Going in Order
Brakes should be bled in a specific order. If you are bleeding a rear-wheel drive vehicle, start with the right rear wheel, then move to the left rear wheel; then do the right front wheel and finally the left front wheel. Front-wheel drive vehicles are sometimes bled diagonally. Before you start, read your car owner's manual for the proper sequence. It can help to label the tires with numbered self-stick notes. [source: Morr]
Bleeding Brakes with Two People
Bleeding brakes with two people works by pushing on the brake pedal and releasing air through the bleeders simultaneously. In order for this method to work, the person who is depressing the brake pedal must listen carefully or risk sucking air back up into the lines -- clear communication is key.
Here's how to bleed the breaks with a friend:
Step 1: Once the car is up on jacks and the wheels have been removed, take the rubber cap off each bleeder screw. Position your box-end wrench to loosen the bleeder valve, but don't do it yet. First, attach the clear tubing over the nipple of the bleeder valve and put the other end in a bottle to catch the fluid.
Step 2: Ask your friend to pump the brake pedal three times, and then hold the pedal down as far as it will go. Your friend must hold it there until you say it's time to release it.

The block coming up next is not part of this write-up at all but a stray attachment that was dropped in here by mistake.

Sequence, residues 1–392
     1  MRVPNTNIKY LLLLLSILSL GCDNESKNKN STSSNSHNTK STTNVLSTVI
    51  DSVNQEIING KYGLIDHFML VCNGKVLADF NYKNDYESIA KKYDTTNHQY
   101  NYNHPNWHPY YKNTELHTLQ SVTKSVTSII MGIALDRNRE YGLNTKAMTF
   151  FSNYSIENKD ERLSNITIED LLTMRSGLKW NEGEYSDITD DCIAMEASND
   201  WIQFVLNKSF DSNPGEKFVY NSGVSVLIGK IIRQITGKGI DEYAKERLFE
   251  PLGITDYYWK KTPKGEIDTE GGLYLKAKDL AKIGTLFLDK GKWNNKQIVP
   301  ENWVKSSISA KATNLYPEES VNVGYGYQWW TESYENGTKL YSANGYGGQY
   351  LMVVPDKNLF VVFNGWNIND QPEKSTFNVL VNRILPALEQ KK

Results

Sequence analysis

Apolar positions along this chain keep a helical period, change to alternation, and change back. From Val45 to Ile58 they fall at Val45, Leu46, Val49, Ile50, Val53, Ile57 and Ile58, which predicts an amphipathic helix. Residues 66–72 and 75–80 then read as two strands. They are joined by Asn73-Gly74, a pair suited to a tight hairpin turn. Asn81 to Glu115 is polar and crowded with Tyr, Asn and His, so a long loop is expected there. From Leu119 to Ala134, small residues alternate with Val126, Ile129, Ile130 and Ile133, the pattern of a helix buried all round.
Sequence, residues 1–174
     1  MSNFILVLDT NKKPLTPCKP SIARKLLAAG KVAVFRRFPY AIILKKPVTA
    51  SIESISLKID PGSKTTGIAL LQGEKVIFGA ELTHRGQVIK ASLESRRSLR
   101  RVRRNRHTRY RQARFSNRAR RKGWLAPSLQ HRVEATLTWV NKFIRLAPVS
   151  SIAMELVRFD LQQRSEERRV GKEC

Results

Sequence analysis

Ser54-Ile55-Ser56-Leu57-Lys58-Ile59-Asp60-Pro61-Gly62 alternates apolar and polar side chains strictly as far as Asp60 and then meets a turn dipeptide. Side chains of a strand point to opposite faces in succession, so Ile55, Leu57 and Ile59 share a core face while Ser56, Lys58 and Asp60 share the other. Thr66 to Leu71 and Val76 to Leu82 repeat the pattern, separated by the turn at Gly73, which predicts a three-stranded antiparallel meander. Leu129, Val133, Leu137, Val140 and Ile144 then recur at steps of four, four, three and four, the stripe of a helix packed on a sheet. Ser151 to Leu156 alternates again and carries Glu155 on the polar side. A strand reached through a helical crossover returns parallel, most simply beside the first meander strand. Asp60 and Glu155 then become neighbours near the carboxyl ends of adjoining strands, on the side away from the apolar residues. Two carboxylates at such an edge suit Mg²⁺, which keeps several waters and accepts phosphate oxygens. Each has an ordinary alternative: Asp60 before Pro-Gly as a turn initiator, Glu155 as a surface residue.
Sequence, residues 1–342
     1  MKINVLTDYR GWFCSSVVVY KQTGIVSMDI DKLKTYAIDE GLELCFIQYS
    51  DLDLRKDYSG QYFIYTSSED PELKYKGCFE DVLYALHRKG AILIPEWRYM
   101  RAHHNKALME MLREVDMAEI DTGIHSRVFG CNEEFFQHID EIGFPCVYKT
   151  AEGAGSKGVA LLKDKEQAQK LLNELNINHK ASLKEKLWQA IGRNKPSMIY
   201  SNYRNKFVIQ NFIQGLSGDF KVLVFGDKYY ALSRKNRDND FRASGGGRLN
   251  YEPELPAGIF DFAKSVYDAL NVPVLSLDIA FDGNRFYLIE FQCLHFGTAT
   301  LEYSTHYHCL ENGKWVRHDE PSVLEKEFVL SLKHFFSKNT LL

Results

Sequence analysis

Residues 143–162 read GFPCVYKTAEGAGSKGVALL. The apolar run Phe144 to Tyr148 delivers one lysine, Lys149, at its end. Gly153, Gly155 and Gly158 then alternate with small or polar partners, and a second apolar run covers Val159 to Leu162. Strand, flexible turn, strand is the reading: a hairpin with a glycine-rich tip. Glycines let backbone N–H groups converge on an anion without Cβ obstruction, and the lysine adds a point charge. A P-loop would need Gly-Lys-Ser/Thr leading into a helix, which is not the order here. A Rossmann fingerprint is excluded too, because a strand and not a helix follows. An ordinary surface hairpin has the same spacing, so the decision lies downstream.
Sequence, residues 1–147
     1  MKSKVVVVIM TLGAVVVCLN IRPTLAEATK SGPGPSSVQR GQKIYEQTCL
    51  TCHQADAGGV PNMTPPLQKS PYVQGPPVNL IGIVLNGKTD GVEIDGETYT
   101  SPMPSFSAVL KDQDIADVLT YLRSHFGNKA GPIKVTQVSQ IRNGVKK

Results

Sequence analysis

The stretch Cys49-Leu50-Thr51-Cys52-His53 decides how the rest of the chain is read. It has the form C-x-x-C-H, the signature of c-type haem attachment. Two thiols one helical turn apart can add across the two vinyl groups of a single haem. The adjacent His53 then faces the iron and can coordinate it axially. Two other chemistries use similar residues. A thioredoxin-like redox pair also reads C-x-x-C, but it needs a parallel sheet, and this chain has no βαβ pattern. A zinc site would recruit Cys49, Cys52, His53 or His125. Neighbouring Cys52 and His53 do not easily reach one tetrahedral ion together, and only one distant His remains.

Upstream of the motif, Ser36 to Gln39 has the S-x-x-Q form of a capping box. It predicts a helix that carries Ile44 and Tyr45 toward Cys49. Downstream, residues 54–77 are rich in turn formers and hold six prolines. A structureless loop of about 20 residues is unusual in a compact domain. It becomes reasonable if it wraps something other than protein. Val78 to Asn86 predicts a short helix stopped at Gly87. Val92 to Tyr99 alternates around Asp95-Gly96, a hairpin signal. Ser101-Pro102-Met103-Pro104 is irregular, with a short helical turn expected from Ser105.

Step 3: Once your friend is holding the brake pedal in the completely pressed down position, turn the bleeder valve 1/4 turn. This will release the brake fluid and air. Only keep the valve open a second or two before closing it off again by tightening the screw. Your friend will feel the pedal go toward the floor of the car. Once the screw is closed, ask your friend to release the brake pedal. Repeat this bleeding process until there are no air bubbles in the fluid that is in the clear, plastic tubing.
Step 4: After all the brakes have been bled, test the brake pedal for firmness. Make sure it does not feel spongy when depressed. Visually inspect all the bleeder screws for any signs of leakage.
Step 5: If everything checks out, replace the rubber caps on the bleeder screws, put your tires back on and take your vehicle for a spin. Be careful to test the brakes before heading out onto the open road. Use caution until you know your brakes are in good working order. [source: Comeskey]